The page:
import boto3

s3 = boto3.resource("s3")
bucket = s3.Bucket("my-org-my-bucket")
# Local file to upload
obj = bucket.Object(r"C:\temp\my-file.txt")

Downloading from an S3 bucket is similar to uploading, just with a different method call to – you guessed it – to download the file.

import boto3

s3 = boto3.resource("s3")
bucket = s3.Bucket(bucket_name)
# S3 file to download
obj = bucket.Object(os.path.basename("my-other-file.txt"))

With S3, you pay for only the storage you use, with no minimum fee. S3 storage pricing is very affordable, with current US East Region Standard Storage being pennies per GB for the first TB per month. Associated request pricing is $0.005 per 1,000 requests. Data tranfer in to S3 is free, with data transfer out costs varying depending on the destination.

Scriptability, low cost, security, simplicity, and availability all make S3 an excellent way to get MB- to GB-scale data to and from your AWS EC2 instance.

AWS large-scale data transfer methods

We have demonstrated that both FTP and S3 will work nicely for MB- to GB-scale transfers, but what do you do when you need to transfer data on the order of terabytes?


AWS Import/Export is a good choice if you have 16TB or less of data you need to get up to AWS. With Import/Export, you supply the external hard drive loaded with your data, ship it to Amazon, and within one business day of arrival at AWS, your data will get transferred to a S3 bucket or EBS volume, ready for you to use. It’s pretty easy to see that for large datasets, Import/Export is substantially faster than Internet transfer, and in the end will more than likely consume less project hours to complete a transfer task as well.

We recently used Import/Export to get a 900GB imagery library into an EBS volume for disaster recovery purposes for a client. The process took 2.5 weeks from idea to finish (using standard ground shipping to get the hard drive about 3/4 of the way across the continental U.S.), cost around $150 for materials (1TB drive) and Import/Export services, and took less than 15 personnel hours to complete. We estimated that it would have taken several weeks, many more project hours, and much more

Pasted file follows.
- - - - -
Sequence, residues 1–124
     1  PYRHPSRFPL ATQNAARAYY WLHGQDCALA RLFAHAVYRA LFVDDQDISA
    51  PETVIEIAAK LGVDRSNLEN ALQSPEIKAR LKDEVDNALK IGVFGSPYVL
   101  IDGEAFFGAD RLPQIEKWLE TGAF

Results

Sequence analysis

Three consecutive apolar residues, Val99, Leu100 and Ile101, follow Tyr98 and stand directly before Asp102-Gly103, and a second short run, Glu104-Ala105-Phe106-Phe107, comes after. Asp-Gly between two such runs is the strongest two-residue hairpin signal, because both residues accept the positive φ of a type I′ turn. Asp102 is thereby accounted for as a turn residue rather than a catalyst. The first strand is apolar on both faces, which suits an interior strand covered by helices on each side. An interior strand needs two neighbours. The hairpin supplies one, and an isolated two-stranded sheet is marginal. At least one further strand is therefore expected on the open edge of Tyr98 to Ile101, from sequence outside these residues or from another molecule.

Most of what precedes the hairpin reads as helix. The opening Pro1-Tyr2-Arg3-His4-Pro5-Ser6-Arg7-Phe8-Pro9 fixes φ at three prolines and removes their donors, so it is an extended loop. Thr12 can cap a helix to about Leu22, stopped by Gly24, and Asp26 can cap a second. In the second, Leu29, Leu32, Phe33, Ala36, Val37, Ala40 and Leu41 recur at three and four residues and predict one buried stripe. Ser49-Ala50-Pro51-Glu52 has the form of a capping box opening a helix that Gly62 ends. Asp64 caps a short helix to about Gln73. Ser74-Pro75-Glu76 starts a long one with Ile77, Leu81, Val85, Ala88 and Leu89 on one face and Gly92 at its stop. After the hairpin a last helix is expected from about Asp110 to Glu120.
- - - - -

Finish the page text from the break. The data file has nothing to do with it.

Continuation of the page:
stress to upload the data using scripts.


AWS Snowball is a petabyte-scale data transport solution that utilizes secure data storage appliances shipped to you from AWS. You attach the appliance to your network and the Snowball client encrypts and transfers the data to the appliance at high speed. After transfer to AWS, your data is moved
to S3. Common use cases for Snowball are cloud migration, disaster recovery, datacenter decommission, or anytime you need to get massive amounts of data to or from AWS.


In 2016, AWS introduced AWS Snowmobile, an exabyte-scale data transfer service that is literally a 45-foot long 100PB capable
ruggedized shipping container pulled by a tractor-trailer truck. Snowmobile is massively scalable, secure, rugged, durable, and customizable. With Snowmobile, extremely large data tranfers on the scale of hundreds of petabytes that could take tens of years to tranfer over the Internet are now possible in weeks.


Depending on your needs, you have options when it comes to getting data up to your AWS EC2 instance. Copy/paste, FTP, S3, and AWS Import/Export are relatively easy methods to employ. In this article, we discussed Windows instances, but all of these methods could also be employed on other operating systems as well.